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A Simple Guide on How to Calculate Theoretical Yield
The calculation using the theoretical yield formula is simple, provided it is done in a methodical manner.
In a chemical reaction, the yield or output, i.e. the amount of product that is produced is called the reaction yield.
The maximum amount of product that can be produced in an ideal condition is called the theoretical yield, while the actual amount of product that is produced is called the actual yield.
Actual yield is usually less than the theoretical yield, because some of the reactants are wasted or not used in the reaction.
It is the reactant that gets used up completely in the reaction, therefore, limits the amount of product that can be created as a result of the reaction. Let’s take an example of making an egg sandwich using two slices of bread and one egg. If you have 10 slices of bread and just 1 egg, the maximum number of egg sandwiches that you can make would still be one. Therefore, the number of eggs determine how many egg sandwiches can be made. So the egg acts as the limiting reagent here.
The reagent which is not completely used up at the end of the reaction is called the excess reagent. In the analogy given above, the bread slices are the excess reagents.
A mole is a unit of measurement used while dealing with chemical reactions. In chemistry, measuring in terms of grams or kilograms is not always practical. A mole denotes a certain number of particles in a given amount of substance. Speaking in terms of moles of a substance used in a reaction, gives us a precise and reliable method for conversion between number of atoms and molecules, and grams of a substance.
It is the mass of 1 mole of a substance. It denotes how much 1 mole of an atom or a molecule would weigh.
Steps to Calculate Theoretical Yield
If 4 g of Na (sodium) reacts with 15 g of Cl2 (chlorine) to produce NaCl (common salt), calculate the theoretical yield of NaCl in grams for the reaction.
Step 1: Balance the Chemical Equation
The chemical equation for the reaction is:
Na + Cl2 ➜ NaCl
The first step is to balance the chemical equation. It involves adding numerical coefficients called the stoichiometric coefficients before the reagents and products, so that the number of atoms or molecules on the reactant side and the product side become equal. In the given problem, adding numeral 2 before Na and NaCl, balances the total number of sodium and chlorine atoms on both sides of the equation. Now the balanced equation is:
2Na + Cl2 ➜ 2NaCl
Step 2: Express Mass of the Reactants in Terms of Moles
Here, we have to convert and express the given mass (in grams) of Na and Cl2 in terms of moles. We have learned that molar mass is the mass of 1 mole of a substance. The molar mass of Na is given to be 22.99 g/mole, and the molar mass of Cl2 is given to be 70.90 g/mole.
We have to calculate the number of moles present in 4 grams of Na and 15 grams of Cl2. We can do so by using this formula:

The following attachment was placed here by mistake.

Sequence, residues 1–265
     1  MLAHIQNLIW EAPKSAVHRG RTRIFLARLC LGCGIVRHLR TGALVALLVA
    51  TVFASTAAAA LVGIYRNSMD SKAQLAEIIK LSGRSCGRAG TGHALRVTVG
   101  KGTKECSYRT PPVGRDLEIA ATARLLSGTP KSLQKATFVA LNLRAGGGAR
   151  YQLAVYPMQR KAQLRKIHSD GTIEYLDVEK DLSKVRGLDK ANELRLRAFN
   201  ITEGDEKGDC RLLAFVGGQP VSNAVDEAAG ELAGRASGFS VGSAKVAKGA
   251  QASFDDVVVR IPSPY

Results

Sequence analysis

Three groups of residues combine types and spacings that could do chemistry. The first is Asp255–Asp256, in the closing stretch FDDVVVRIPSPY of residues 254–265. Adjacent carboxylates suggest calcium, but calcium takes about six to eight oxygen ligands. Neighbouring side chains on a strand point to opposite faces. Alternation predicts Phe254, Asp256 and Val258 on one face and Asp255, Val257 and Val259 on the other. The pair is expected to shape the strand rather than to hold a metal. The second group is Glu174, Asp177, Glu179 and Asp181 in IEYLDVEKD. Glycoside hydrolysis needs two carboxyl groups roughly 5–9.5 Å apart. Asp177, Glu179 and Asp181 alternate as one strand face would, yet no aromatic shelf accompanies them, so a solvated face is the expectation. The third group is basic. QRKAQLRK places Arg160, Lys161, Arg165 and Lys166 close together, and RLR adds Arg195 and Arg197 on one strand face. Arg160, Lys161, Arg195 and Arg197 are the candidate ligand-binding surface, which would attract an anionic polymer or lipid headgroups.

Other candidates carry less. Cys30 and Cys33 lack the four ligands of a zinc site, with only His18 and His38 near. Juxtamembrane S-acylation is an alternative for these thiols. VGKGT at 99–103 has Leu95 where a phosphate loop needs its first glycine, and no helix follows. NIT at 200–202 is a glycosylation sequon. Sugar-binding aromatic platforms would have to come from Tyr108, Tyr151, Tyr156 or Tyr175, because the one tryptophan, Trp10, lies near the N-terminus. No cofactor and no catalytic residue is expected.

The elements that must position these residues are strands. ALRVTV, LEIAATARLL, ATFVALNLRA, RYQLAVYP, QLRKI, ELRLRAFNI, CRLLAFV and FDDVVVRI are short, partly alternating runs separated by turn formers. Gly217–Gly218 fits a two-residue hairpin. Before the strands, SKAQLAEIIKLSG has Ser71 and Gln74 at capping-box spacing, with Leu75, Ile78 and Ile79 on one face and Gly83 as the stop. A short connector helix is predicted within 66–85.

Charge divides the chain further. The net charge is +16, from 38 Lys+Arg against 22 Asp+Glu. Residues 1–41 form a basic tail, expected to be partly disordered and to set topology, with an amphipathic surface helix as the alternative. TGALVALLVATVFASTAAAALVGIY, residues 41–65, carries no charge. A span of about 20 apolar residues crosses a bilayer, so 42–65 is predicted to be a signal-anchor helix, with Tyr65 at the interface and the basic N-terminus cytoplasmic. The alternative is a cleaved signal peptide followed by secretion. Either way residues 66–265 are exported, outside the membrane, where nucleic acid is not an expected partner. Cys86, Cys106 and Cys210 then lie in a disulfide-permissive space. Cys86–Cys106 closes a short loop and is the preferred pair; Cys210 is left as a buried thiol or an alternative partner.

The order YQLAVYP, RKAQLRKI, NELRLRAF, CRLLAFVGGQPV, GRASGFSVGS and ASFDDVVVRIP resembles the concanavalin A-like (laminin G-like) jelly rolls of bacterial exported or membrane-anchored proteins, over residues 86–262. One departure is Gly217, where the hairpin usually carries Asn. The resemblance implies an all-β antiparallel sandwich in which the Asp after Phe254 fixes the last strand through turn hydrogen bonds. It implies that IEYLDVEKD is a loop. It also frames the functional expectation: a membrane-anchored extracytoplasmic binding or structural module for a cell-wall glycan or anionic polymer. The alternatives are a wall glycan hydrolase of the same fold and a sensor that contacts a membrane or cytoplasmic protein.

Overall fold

Number of moles of a substance = mass of the reactant ÷ molar mass of the reactant
Number of moles of Na = amount of Na in the reaction (in grams) ÷ molar mass of Na
Number of moles of Na = 4 grams ÷ 22.99 g/mole
Number of moles of Na = 0.17 moles of Na
Number of moles of Cl2 = 15 grams ÷ 70.90 g/mole
Number of moles of Cl2 = 0.21 moles of Cl2
Step 3: Find the Limiting Reagent
Now, the next step is to determine which of the two reactants is the limiting reagent. To do so, we need to find out:
- How much product would Na produce, if it were used up completely in the reaction?
- How much product would Cl2 produce, if it were used up completely in the reaction?
2Na + Cl2 ➜ 2NaCl
In the balanced equation given above, the stoichiometric coefficient of both Na and NaCl is 2. Therefore, for one mole of Na, you will get 1 mole of NaCl.
For 0.17 moles of Na, you will end up with 0.17 moles of NaCl.
The stoichiometric coefficients of Cl2 is 1 and that of NaCl is 2. Therefore, for one mole of Cl2, you will get 2 moles of NaCl.
For 0.21 moles of Cl2, you will end up with 0.42 moles of NaCl.
Therefore, Na is the limiting reagent in this reaction, as it would produce lesser number of moles, if it were used up fully in the reaction.
Step 4: Find the Theoretical Yield
We have found that Na is the limiting reagent in the reaction, and that for 0.17 moles of Na, 0.17 moles of NaCl are produced. Therefore, the theoretical yield of NaCl in moles is 0.17 moles.
But this value is in terms of moles. In the given problem, we need to find out how many grams of NaCl would be produced in the reaction.
We can convert the value from moles to grams by multiplying it with the molar mass of NaCl, which is equal to 58.44 g/mole.
Theoretical yield of NaCl in grams = theoretical yield in moles × molar mass of NaCl
Theoretical yield of NaCl in grams = 0.17 moles of NaCl × 58.44 g/mole
Theoretical yield of NaCl in grams = 9.93 grams
Step 5: Find the Percentage Yield
If you actually carry out this reaction in a lab, you will be able to find the actual yield of the reaction. Based on that value, you can find the percentage yield by using the ratio of the actual yield and the theoretical yield. The formula for calculating the percent yield is:
Percentage yield = mass of actual yield ÷ mass of theoretical yield × 100%
Let’s assume that you obtained an actual yield of 8.50 grams. Then, the percent yield would be:
Percentage yield of NaCl = 8.50 grams ÷ 9.93 grams × 100%
Percentage yield of NaCl = 85.59%
Since the value of actual yield is usually less than the theoretical yield, the percentage yield is always less than 100%.